Personally I dislike using a torn corner to identify a card or bill. It’s very clunky compared to having is signed and you lose the punch of the item reappearing and having it immediately identifiable.
Ok, that’s out of the way, now I’m doing to explain why I’m playing with a trick with a torn corner.
A long time ago when Gaeton Bloom’s Intersessor trick came out, I thought it would lend itself to a trick in Tarbell where a card jumps out of the deck when the end is riffled. I never did it because $50 to play with an idea that I would probably never use was a bit steep. Recently I found a super deal on a used Intersessor gimmick and bought it.
Here’s me trying out the idea before my show and my comments on it:
I think I’m going to switch it up and use a corner switch or a scored duplicate card instead of the Intersessor gimmick. That will solve having to ditch the gimmick. With scored card or corner switch, it will allow me to use a bigger tear which will let me do a bigger tear and get a bigger jump of the card.
After one of my shows yesterday at the fair I’m performing at, I had a guy tell me something interesting after the show. He was a caterer and has worked with a lot of local performers, so he’s seen some magicians, and told me that. The caterer told me that my product wasn’t a magic show, it was my personality.
I 100% agree with his assessment and that’s the goal with the show. It’s not about the tricks, while they are important and I select them to hopefully move the story of my personality forward. What I’m selling is how I work, not what I work with.
Some magicians live on the the tricks that they do and that’s an easier route than trying to live on your personality. One of the hard things is when people don’t like your show, that directly means they don’t like you. Where if you do an effect driven show, if they don’t like the show they don’t like the tricks.
In the past I’ve written blog posts about how the facebook groups are bad places to get advice. The exception to this is when it’s a curated group of people where you know everyone. Recently in a group someone was asking about where to find some fuse to make a fake stick of dynamite. I’m not sure why you would want that, however that’s a different conversation.
In the comments of the facebook group, someone added this comment:
This is horrible advice. First of all, that doesn’t make flash string. Soaking cotton in lighter fluid makes a wick. It will burn, but not like flash paper. What will happen is the cotton string will light on fire until the lighter fluid burns off, then the string will burn, leaving a lot of residue. It also won’t happen in a flash, it burn like a wick with very little fuel, because that’s what it is.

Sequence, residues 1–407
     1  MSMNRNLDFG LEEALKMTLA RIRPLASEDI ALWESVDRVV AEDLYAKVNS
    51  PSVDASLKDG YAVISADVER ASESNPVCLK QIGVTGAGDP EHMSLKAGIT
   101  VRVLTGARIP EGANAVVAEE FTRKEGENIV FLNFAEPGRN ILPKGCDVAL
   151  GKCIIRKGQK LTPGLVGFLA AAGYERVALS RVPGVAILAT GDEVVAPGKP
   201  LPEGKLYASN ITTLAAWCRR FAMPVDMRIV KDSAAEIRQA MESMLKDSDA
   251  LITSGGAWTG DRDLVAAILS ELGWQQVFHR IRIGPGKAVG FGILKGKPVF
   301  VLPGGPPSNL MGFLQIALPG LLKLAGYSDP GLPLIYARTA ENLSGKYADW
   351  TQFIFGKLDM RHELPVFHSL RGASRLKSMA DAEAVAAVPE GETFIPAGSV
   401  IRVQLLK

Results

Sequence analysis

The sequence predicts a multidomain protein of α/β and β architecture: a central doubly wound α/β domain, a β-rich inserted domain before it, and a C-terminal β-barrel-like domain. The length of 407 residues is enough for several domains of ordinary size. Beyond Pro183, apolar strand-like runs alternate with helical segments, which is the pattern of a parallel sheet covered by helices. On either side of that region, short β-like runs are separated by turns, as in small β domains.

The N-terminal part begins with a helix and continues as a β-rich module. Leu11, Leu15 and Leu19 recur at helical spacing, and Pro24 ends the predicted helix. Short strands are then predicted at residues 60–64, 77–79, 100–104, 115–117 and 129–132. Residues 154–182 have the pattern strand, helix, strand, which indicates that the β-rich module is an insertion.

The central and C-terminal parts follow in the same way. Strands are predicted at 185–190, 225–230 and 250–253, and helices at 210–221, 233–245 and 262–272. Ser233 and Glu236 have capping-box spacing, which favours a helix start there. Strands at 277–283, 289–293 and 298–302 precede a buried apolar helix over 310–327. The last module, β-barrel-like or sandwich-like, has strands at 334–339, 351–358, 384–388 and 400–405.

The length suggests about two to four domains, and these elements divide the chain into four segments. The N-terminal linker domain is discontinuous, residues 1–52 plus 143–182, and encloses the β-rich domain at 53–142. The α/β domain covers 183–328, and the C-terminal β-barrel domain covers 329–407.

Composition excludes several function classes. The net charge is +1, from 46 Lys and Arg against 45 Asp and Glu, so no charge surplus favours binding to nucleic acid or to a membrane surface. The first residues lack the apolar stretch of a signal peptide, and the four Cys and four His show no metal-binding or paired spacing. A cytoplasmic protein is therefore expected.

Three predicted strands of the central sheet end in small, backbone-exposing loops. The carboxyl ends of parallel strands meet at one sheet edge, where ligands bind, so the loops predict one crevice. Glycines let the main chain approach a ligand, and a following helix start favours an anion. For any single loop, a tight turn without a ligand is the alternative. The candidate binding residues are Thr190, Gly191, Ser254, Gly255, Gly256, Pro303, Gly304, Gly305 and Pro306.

Be careful out there when you ask for advice on the internet!
This week I’m performing on a stage inside a tent. It’s a nice tent and it solves a lot of outdoor performing problems, it gives the audience shade and cuts down on wind.
The first couple of days of the week I was performing at the front edge of the stage. The shows were doing alright, but I realized I was losing people on the side bleachers. It was a consistent loss of people from specific positions in the audience, so it was something that probably wasn’t my show. To try to fix this I watched another performer’s show from one of those positions and figured out why I was losing them.
You’ll notice there are two poles at the front of the stage and when I was playing too far forward, they people couldn’t see the show. Then there was a smaller problem that when playing too far forward it was hard for some people to see my face as they were almost behind me.
The solution was simple, I just moved my show two steps backwards. Once I did that the change in the show was dramatic! I kept the audience in the spots where I was losing them AND the side were more enthusiastic about the show!
Restarting to do a trick that’s been almost two years since I used to do has some fun little challenges. One of the things that the trick needs is a double walled envelope. I went out and bought some envelopes and gimmicked them:
The first show I realized quickly that these particular envelopes were made differently than I was used to. They start loaded with and item behind the wall and I put something in front of the wall during the show. During the first show I used it in yesterday, I couldn’t get the front compartment open! It was too flush with the front side of the envelope.
The solution was pretty easy, a quick little tear and I was good to go! That little scallop I ripped out allowed me to access the front compartment easily.